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Showing balanced parens to be irregular

September 26, 2013

This is for young people doing CS and are wondering how to use the Pumping Lemma to verify if a formal language is regular or not :-). So let us have a theorem about the balanced parenthesis language :
Theorem:
L_{()} = \{ (^n \varphi )^n | n \geq 1 \wedge \varphi \neq \Lambda \} is not a regular language.
Method:
Some text books use \Lambda to denote the empty string so here \varphi is none empty. The method of proof is by contraction (Reduction ad Absurdium – RAA). So we assume the language is regular and hence can be pumped but show it to be otherwise, or not true by arriving at a contradiction. By the Pumping Lemma (PLem), \exists m so that m can be used to split w \in L_{()} into parts. We actually use this m to form w. We can do this because the Lemma says this m is valid for any w, |w| \geq m.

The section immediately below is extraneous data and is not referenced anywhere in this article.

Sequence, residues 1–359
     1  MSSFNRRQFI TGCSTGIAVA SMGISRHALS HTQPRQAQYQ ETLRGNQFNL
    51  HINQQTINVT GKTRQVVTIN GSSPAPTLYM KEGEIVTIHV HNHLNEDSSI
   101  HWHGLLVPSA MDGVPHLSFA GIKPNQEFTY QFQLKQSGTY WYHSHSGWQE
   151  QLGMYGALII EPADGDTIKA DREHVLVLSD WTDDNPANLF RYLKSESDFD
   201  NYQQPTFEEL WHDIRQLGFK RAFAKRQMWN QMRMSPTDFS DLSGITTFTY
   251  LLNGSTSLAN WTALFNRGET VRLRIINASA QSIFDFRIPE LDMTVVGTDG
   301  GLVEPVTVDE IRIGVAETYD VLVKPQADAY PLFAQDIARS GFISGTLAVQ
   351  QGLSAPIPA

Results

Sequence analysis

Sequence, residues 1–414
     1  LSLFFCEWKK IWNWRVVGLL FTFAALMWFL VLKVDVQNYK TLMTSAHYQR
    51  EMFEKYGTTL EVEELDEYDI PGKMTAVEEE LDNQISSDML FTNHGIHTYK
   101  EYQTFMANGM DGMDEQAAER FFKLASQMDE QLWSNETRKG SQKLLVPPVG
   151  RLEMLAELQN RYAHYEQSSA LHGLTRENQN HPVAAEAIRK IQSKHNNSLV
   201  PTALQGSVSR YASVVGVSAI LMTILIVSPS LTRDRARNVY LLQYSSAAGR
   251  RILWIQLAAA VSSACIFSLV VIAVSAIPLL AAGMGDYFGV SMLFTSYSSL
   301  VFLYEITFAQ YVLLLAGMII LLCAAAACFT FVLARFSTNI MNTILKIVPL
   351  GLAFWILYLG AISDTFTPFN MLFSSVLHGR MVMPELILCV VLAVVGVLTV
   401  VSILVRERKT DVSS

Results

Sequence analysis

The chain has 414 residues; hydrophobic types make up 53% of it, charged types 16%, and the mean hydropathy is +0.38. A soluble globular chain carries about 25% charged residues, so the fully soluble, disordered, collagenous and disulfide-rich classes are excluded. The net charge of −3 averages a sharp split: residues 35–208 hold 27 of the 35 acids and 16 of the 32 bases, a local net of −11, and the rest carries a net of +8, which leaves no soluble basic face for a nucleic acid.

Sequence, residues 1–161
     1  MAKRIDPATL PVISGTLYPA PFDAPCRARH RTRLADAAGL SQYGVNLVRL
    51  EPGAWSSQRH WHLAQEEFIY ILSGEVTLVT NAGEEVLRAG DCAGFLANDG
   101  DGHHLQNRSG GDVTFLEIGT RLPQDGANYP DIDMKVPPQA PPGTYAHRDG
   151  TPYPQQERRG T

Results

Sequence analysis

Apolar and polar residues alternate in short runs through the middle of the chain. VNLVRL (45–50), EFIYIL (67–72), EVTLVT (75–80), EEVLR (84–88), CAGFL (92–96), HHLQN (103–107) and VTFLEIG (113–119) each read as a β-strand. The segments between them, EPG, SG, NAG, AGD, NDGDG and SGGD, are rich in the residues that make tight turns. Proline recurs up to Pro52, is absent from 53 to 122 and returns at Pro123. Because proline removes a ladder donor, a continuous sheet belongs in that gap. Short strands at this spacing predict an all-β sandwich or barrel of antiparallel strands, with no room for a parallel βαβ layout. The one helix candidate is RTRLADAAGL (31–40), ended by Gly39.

Proof:
Assume L_{()} to be regular. Then by PLem,  there exists an m such that for w \in L_{()}, |w| \geq m. Consider now the w formed by setting n = m. Then we have w = (^m \varphi )^m. Further we know that |w| = 2m+1 > m satisfying PLem premise, so it can be applied. As per PLem,  we can break w into x, y, z components. As per PLem also |xy| \leq m. Looking at the form of our w this implies that xy must be composed of all left parenthesis, i.e  xy = (^m, then y=(^p for some p < m.  As per PLem, we can pump y  for any k \geq 0.  So let k =0 then the new w = (^{m-p} \varphi )^m. But this implies that |(^{m - p}| = m - p \neq m =|)^m|, i.e. parentheses are not balanced. But this means w \not \in L_{()}. Contradiction. At this point we have found a k where the decomposition results in the string outside of L_{()}and we can stop.

Anyway consider now also y pumped upwards to k. Then we have the new w = (^{m-p}(^{pk} \varphi )^m. Looking at the left of \varphi we have |(^{m-p}(^{pk}|= m - p + pk \neq m= |)^m|. Again the parentheses do not balance out. Thus w \not \in L_{()}. Contradiction.

Q.E.D.

Feedback is appreciated – let me know if it has helped/not helped. Thanks.

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